Joey Mdumuka interacting with some patients during a surgical programme in Lilongwe, Malawi. Photo: Zute Lightfoot

In Malawi, Operation Smile aims to find and treat all children and adults living with untreated cleft conditions, so they can live more fulfilling lives.  To reach this ambitious objective, we are working with the Kentown Wizard Foundation, the Ministry of Health and our hospital partners. 

Joey Mdumuka is the National Patient Coordinator for our team in Malawi. He works tirelessly to develop community outreach strategies which best suit the context of the country and to help the team of community volunteers spread awareness on cleft conditions. 

Joey is also in charge of setting up systems that enable the organisation to capture patient data, so they can understand better the need of each region and build programme activities that meet the requests for surgical and comprehensive care.  He explains: 

“In Malawi, we do face challenges when it comes to cleft care, but also health care in general. For patients to access information and to go with it all the way to see a surgeon is not easy, there are several stubborn blocks that they usually face along the way. 

My job pretty much focuses on making sure that we clear out all those stubborn blocks, so that every patient is aware of the services and can access them.” 

One of the crucial elements to make sure that Operation Smile can reach patients and provide the best care, is the team that Joey leads – he says, “As National Patient Coordinator, I work with a team of 3 regional patient coordinators and a team of about 300 community volunteers and patient ambassadors, spread across the whole nation to make sure that we reach out to all the facilities in Malawi.” This team is focused in finding patients, but also in creating awareness in the community. Awareness campaigns include meetings and the distribution of posters, leaflets, and other materials in public spaces, such as clinics, community health facilities, schools, markets and religious places. The team then registers new patients, so they can receive care as soon as possible.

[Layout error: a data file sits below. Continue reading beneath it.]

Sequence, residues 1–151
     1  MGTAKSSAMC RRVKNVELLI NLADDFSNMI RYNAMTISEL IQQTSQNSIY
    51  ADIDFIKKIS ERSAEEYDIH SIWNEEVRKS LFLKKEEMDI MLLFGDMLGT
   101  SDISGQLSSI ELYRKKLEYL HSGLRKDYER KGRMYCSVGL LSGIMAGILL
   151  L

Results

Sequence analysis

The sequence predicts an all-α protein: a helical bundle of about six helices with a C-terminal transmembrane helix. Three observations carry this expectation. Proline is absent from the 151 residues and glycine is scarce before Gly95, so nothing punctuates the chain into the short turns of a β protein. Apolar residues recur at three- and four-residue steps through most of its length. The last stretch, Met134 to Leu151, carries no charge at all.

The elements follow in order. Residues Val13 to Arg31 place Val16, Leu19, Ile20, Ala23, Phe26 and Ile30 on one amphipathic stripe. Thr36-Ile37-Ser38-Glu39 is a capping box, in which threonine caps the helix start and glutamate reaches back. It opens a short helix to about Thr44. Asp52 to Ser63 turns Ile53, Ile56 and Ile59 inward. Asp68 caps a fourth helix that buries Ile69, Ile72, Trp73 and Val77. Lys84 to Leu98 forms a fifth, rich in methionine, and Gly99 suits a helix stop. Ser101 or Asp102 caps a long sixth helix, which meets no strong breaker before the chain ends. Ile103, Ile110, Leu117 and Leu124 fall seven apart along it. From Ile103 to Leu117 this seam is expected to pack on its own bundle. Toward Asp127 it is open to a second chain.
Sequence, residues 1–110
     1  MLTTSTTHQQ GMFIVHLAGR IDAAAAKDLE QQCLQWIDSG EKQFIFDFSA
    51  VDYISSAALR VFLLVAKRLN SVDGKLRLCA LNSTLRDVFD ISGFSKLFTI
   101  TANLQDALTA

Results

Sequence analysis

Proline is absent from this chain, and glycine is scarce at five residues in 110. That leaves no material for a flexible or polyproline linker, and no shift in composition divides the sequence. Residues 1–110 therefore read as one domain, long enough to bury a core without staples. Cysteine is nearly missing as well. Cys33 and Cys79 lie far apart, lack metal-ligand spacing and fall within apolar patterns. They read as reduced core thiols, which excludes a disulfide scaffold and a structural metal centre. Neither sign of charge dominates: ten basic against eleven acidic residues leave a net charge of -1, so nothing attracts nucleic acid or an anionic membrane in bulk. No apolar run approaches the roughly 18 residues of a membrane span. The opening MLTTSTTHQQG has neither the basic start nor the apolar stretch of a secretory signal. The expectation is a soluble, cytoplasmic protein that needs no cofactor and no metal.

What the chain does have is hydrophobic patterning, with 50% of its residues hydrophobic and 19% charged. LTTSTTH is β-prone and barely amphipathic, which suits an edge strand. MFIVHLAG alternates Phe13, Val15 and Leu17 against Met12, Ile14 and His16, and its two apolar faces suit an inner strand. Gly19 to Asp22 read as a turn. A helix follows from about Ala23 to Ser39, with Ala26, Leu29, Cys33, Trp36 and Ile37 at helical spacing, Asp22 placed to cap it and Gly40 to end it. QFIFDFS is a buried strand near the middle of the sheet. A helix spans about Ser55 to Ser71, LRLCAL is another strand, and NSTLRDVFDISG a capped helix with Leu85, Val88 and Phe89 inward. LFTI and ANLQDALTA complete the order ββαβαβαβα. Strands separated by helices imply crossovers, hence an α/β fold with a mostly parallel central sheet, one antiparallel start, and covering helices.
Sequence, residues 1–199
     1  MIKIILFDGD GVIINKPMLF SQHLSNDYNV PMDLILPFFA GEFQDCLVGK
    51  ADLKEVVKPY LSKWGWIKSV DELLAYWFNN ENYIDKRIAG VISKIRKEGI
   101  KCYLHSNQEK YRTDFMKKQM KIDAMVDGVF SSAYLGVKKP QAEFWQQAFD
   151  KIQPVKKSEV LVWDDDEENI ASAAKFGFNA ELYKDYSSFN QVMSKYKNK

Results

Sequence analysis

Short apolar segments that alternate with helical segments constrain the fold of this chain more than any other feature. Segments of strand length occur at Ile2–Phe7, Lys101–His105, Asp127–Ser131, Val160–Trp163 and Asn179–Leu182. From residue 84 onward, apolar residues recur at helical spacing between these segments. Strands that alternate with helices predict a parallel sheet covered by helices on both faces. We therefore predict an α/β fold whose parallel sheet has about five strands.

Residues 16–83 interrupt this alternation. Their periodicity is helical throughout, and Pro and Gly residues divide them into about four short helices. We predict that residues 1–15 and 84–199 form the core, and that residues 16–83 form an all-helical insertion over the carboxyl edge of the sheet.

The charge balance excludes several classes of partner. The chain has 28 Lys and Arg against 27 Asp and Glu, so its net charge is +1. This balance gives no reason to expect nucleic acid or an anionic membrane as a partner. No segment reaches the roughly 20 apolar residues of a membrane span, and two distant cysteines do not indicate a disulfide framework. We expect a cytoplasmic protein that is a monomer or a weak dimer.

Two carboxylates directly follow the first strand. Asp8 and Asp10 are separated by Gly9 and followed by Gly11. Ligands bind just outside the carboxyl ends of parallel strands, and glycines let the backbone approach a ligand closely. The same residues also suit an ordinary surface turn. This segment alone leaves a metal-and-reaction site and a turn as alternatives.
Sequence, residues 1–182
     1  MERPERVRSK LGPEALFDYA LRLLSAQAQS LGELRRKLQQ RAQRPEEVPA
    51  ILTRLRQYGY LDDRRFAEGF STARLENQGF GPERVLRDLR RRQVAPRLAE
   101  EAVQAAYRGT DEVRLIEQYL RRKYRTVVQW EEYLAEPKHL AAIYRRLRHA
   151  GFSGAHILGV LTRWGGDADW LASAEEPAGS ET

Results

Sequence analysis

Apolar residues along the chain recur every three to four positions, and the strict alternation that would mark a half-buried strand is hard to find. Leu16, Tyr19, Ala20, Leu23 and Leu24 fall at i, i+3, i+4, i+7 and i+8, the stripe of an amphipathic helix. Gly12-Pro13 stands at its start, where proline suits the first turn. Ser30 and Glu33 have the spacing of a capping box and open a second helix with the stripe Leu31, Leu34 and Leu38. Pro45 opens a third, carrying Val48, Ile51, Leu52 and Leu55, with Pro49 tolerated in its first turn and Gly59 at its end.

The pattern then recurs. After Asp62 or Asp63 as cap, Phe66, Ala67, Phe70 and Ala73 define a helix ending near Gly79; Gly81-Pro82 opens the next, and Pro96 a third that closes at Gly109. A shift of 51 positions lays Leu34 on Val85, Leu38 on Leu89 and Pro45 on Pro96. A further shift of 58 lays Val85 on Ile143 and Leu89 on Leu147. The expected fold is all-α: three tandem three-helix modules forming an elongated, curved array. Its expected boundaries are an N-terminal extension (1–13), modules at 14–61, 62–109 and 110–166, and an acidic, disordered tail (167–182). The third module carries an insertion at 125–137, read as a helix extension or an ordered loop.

Joey also works with the team on the ground to identify the biggest barriers to care for our patients and provide solutions. He explains: 

“At the moment the biggest barrier to care for our patients is the availability of cleft surgery. Currently, we’ve got two hospital partners that are continuously providing cleft surgeries to our patients, one in the central region and one in the southern region. We do plan other surgical programmes across the year, but we’ve got only these two partners that can provide ongoing surgical care.  When we find a patient in the northern region, we feel frustrated, because the only way they can receive timely surgical care is for them to travel to another region or to wait for a short-term surgical programme there.”

Joey with Frank, patient coordinator for the Northern region during a surgical programme in Mzuzu, Malawi. Photo: Margherita Mirabella.